Much of society has moved on from God, thinking that without Him we can be free of all the difficult stuff - a view summed up in the adverts sponsored by the British Humanist Society ‘There’s probably no God, so stop worrying and enjoy your life’. Just get rid of God and everything will be ok - then you can just enjoy life.

But it’s not true, is it. Get rid of God and people still get cancer, lose their jobs, split up, self harm, fight, argue and get hurt. People still suffer. People still struggle. People still mess up. And now, they do it in an empty Universe. 

Of course the people that we love and that love us are still there to walk with us, and to be with us - but we’re not the most reliable of species are we?! Sure we can love and forgive and welcome - but we can also hate, hold a grudge and put up barriers against the rest of the world. We need something - someone -  reliable. 


And Alpha is a gift to a world that feels like that. Alpha is an opportunity to explore the possibility that God exists - without any pressure, without any hassle, just to sit with other explorers and to talk about the really big stuff; life, faith and meaning. 

And for millions of people, that journey of exploration, that journey of discovery, has ended up with the life-changing realisation that they are not lost after all - that they are known and loved; that in fact, they can’t ever be lost because, however difficult life gets, God is with them. They can’t be lost, because God is guiding them, one stumbling step at a time through life. They can’t be lost because there’s a home made available - it’s God’s home and we’re invited to ‘dwell’ with him in it - in his love, his forgiveness, his grace.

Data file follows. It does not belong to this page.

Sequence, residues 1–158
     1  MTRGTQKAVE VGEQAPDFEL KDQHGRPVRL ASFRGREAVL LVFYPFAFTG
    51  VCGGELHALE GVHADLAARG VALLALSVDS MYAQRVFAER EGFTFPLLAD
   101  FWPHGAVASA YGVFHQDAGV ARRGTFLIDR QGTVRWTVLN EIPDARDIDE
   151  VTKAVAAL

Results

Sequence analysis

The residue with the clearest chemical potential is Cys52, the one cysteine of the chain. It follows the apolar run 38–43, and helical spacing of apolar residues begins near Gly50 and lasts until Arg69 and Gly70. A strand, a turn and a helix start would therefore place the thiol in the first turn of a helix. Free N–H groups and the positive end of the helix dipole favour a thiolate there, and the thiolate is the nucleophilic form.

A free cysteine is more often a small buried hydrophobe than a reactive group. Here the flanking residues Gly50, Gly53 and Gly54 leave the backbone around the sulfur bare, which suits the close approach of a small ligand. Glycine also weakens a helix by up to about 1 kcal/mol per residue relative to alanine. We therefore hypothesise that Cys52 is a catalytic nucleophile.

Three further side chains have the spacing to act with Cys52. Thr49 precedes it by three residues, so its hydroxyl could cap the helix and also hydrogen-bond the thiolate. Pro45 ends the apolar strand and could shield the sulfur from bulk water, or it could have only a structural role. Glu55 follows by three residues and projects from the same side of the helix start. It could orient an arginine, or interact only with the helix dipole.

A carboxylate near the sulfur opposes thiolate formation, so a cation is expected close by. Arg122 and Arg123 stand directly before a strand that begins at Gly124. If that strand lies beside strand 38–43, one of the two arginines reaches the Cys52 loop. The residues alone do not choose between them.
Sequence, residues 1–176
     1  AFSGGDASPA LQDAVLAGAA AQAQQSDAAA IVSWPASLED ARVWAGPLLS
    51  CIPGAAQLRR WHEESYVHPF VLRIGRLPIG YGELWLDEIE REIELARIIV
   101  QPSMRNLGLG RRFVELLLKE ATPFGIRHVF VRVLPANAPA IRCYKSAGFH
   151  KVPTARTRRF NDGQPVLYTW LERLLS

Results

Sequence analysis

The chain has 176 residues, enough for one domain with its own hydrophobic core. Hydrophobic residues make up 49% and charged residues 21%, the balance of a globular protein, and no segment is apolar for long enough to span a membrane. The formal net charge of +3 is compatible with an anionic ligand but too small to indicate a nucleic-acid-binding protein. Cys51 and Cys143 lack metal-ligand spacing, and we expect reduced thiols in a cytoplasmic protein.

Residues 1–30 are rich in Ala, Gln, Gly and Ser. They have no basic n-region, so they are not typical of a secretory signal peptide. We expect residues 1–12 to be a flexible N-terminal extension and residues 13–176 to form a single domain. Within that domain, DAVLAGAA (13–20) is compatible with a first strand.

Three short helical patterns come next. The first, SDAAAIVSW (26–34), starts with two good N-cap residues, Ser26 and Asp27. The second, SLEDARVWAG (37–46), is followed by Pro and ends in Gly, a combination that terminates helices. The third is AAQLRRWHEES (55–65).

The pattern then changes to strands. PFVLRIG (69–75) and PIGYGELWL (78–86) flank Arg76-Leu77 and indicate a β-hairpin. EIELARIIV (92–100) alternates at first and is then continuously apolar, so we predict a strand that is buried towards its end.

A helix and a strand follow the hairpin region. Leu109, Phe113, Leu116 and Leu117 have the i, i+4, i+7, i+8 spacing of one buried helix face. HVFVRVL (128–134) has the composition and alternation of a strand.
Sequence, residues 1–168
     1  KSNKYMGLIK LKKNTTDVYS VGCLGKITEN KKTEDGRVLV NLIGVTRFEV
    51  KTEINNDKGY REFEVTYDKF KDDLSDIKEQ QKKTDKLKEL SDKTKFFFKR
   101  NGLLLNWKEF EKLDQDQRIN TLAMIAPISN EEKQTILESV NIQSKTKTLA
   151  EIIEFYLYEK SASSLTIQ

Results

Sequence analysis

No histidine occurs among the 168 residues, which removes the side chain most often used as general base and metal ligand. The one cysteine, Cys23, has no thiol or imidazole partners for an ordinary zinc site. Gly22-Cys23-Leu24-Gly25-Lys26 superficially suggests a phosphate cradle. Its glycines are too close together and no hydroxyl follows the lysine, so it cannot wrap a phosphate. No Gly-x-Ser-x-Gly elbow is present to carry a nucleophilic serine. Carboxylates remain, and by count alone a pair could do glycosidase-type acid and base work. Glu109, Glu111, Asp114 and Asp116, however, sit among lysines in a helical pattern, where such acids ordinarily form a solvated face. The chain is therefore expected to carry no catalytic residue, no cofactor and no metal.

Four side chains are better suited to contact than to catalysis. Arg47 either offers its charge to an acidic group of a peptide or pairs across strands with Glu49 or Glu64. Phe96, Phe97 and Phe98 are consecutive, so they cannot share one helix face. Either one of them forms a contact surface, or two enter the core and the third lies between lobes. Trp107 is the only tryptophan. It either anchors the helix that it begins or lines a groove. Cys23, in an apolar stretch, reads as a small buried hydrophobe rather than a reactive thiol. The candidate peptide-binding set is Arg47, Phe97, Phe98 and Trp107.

It’s the possibility that Alpha has offered millions - you are not lost; you have been found. And heaven is waiting to throw a party every time someone says yes to that good news. Every time someone who felt lost discovers that they have been found. 


So, here’s a question.

Who do you know, whose life could be changed by that kind of experience?

Who do you know who might benefit from knowing that they are never, ever on their own?

Who do you know who is up for exploring the possibility that they are known and loved and forgiven?

Who do you know that you could invite to Alpha?


Because that’s what’s on offer. 

We can get a team together to organise Alpha. We can put posters up, post to Facebook, deliver cards through doors. But the best invitations are those that are personal; those that are given as gifts of love.

So we have postcards to give out, and you’ve been given two today - they’re not for you, nice as you all are - they’re for you to give to someone else.

So please, over the next few weeks, think and pray about that question….who can I invite to Alpha. who do I know who would love the chance to explore the possibility, just to explore the possibility, that God might be real, that they might be loved and that they are not lost.


Posted: 04-11-2018 at 19:25
What's New
Sermon for Remembrance Sunday
Added: 11.11.2018
Sermon for 28 October
Added: 28.10.2018
Sermon for 21 October
Added: 22.10.2018
Sermon for 14 October
Added: 14.10.2018
Church Office & Vicar - 01580 211739   hugh.nelson@ymail.com